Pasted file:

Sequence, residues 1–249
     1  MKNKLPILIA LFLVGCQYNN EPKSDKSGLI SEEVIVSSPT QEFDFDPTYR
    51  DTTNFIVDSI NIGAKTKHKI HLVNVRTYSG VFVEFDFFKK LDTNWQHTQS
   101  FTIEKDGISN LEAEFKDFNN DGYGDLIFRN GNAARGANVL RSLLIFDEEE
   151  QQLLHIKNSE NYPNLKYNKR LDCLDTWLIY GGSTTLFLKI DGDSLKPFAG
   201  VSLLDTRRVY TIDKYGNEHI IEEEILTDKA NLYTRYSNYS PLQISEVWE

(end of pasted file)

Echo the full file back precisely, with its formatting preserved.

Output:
Sequence, residues 1–249
     1  MKNKLPILIA LFLVGCQYNN EPKSDKSGLI SEEVIVSSPT QEFDFDPTYR
    51  DTTNFIVDSI NIGAKTKHKI HLVNVRTYSG VFVEFDFFKK LDTNWQHTQS
   101  FTIEKDGISN LEAEFKDFNN DGYGDLIFRN GNAARGANVL RSLLIFDEEE
   151  QQLLHIKNSE NYPNLKYNKR LDCLDTWLIY GGSTTLFLKI DGDSLKPFAG
   201  VSLLDTRRVY TIDKYGNEHI IEEEILTDKA NLYTRYSNYS PLQISEVWE